EXCLUSIVE: Things are starting to move on The Terminator franchise, but a plan by rights owner Megan Ellison and Arnold Schwarzenegger to put the first of two pictures in production for the fourth quarter of 2012 has forced director Justin Lin to drop out. But borrowing the film’s signature phrase “I’ll be back,” Lin has left the door open to a return if Ellison and Schwarzenegger will wait until he completes the sixth installment of The Fast and the Furious franchise.
The Terminator franchise has been under the radar since Ellison’s Annapurna Films spent over $20 million to buy film rights during the Cannes Film Festival, with Lin and Schwarzenegger attached. Lin wants to make the film but simply won’t be available, the same situation that prompted him to withdraw from Summit’s Highlander. Lin has been working closely with Schwarzenegger and Ellison to figure a way to end the James Cameron-hatched battle between humans and the cyborgs of Skynet. It would require some effort for Ellison to get the film underway by late next year. She hasn’t got a script and I don’t think she’s even hired a screenwriter yet. She also hasn’t set a studio partner, even though several are interested. READ MORE »
EXCLUSIVE: He’s baaack! Arnold Schwarzenegger is attached to star in a rights package that CAA is shopping today that will revive The Terminator, one of Hollywood’s most iconic scifi franchises. The agency is dropping the package on studios this afternoon. I’m told that already, Universal, Sony and Lionsgate, and CBS Films are looking hard at the package. There is no screenwriter attached at this point, and Robert Cort is producing. This is the first real activity on The Terminator project since February 2010, when the property emerged from a bankruptcy auction and into the possession of Pacificor. The Santa Barbara-based hedge fund posted a bid of $29.5 million, with the promise that additional multimillion-dollar payments for each film would go to Halcyon, the company that made the 2009 McG-directed Terminator Salvation. That film starred Sam Worthington as the cyborg and Christian Bale as John Connor, and the storyline launched the battle between Skynet and the human survivors of the apocalypse, the war foreshadowed in James Cameron’s visionary 1984 original film. Halcyon wanted to make several films but ran out of money. At the time of the auction, Pacificor beat out a combined bid by Lionsgate and Sony planning to make back-to-back sequels to bring the franchise to a natural creative conclusion.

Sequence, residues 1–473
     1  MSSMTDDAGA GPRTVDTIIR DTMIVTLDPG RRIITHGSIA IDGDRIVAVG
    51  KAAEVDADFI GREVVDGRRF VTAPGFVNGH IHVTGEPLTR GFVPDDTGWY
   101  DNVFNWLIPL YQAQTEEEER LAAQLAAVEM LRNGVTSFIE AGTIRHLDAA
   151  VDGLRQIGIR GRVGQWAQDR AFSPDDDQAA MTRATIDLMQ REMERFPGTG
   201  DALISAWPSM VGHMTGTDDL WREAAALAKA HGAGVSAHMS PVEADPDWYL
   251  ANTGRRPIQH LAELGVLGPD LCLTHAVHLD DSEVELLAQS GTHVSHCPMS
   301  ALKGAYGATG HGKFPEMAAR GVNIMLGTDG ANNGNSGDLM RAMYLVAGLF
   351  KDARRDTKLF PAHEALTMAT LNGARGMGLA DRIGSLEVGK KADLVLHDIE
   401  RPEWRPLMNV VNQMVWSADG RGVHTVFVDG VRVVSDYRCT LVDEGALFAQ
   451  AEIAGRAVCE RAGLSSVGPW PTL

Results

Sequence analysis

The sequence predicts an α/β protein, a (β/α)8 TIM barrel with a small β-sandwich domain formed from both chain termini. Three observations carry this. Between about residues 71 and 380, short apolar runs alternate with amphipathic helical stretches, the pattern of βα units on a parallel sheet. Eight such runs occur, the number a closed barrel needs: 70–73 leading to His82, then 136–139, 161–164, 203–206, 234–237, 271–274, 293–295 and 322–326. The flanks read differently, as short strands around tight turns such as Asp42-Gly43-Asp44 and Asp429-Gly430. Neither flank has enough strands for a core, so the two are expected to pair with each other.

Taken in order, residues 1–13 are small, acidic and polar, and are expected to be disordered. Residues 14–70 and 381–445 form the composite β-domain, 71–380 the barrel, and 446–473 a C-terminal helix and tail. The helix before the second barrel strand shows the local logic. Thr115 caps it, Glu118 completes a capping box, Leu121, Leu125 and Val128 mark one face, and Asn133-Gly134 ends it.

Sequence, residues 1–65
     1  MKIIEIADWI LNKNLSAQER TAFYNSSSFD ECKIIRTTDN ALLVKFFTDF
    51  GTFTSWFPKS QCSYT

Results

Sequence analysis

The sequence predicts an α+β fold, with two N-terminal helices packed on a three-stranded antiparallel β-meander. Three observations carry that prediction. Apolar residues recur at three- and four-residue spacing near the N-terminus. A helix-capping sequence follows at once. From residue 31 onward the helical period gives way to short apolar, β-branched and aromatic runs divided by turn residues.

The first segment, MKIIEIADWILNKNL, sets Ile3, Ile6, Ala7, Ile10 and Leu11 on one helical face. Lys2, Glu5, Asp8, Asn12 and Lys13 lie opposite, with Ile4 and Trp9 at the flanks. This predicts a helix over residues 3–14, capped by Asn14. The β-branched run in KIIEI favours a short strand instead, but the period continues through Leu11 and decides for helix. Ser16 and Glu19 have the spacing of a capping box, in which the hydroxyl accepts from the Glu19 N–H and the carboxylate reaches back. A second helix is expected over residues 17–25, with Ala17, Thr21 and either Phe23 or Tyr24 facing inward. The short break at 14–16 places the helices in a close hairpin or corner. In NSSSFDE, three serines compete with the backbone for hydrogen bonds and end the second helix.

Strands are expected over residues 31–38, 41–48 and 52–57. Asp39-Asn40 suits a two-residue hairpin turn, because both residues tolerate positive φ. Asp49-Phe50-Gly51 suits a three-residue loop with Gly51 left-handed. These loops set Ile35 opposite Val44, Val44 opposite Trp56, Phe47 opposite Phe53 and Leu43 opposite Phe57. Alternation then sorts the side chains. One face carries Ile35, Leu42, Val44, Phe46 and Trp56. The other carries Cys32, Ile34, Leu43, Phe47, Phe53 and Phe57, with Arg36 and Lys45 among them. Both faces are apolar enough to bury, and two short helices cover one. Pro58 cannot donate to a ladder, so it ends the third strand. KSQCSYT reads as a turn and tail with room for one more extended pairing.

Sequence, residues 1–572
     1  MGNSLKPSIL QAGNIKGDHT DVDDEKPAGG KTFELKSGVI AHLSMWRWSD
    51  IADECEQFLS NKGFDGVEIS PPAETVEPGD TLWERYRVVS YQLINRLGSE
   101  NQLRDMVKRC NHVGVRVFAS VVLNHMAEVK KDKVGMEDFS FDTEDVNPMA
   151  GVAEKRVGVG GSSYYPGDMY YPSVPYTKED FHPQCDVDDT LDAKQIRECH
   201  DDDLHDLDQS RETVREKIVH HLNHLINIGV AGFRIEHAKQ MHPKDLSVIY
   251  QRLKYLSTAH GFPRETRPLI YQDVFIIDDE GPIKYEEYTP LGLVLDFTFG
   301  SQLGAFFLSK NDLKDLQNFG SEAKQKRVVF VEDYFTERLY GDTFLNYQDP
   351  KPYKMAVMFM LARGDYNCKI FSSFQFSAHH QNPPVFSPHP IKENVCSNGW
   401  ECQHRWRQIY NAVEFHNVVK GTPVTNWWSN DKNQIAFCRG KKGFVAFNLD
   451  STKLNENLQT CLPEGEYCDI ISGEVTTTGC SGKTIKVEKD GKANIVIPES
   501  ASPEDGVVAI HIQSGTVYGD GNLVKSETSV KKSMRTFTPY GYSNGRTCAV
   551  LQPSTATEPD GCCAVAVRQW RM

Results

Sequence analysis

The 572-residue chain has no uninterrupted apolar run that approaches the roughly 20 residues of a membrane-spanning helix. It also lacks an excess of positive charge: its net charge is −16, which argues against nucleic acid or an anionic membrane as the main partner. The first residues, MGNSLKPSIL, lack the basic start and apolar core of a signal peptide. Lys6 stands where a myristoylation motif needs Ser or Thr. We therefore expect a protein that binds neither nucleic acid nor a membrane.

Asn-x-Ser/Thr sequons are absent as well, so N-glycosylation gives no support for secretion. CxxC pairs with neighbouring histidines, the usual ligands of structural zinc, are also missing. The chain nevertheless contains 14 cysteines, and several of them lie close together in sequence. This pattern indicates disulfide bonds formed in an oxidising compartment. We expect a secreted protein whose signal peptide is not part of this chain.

While many felt at the time that Pacificor overpaid and that Lionsgate and Sony would have been better matches for the material, CAA has chosen an optimum time to seek a new deal. I wrote back in February that Universal quietly was trying to arrange for Lin to be helmer of the project. At the time, some turned up their noses. Given the strong international grosses being racked up by Fast Five and the expectations for a strong domestic opening this Friday, Lin has a lot of heat. And Schwarzenegger is looking to recapture past marquee glory ending his run as California State Governor. Schwarzenegger has circled several projects including Last Stand for Lionsgate, but here, he’s the star, returning to the signature role that once established him as the world’s biggest movie star. Read More »
EXCLUSIVE: Shortly after Arnold Schwarzenegger left the Governor’s Mansion and Tweeted his desire to resume his acting career, there seems to finally be some action on his signature franchise, The Terminator. I’m told that interest is kicking back up. One … Read More »
UPDATE: Hannover House’s Eric Parkinson said that he just got his cease and desist letter, and then told Pacificor’s attorneys of his proprietary rights position, and the fact that he’s got backers in place to make a movie and deliver a big rights fee to Pacificor. “We’ve arranged a meeting, we’ll show them our money and if the rational brain prevails, they’ll take the deal. If not, I can’t do it without them. You’ll have a followup next week that we are either holding hands, or not doing the film. At least we now have our meeting. I hope they will can think outside the box, because if we can make a movie that delivers a $20 million to $30 million rights payment, that is an income source they didn’t realize was possible. If not, it was a good idea anyway.”
EXCLUSIVE: A battle is brewing over Terminator 3000, a proposed 3D animated feature film that was announced by Hannover House, a division of Target Development Group that distributes specialty films and DVDs. Pacificor, the company that owns the rights to the Terminator franchise, has sent a cease and desist letter in response to a press release issued by Hannover House detailing plans to develop Terminator 3000, a $70 million animated film in conjunction with Vancouver-based Red Bear Entertainment. Hannover House CEO Eric Parkinson told me earlier today Read More »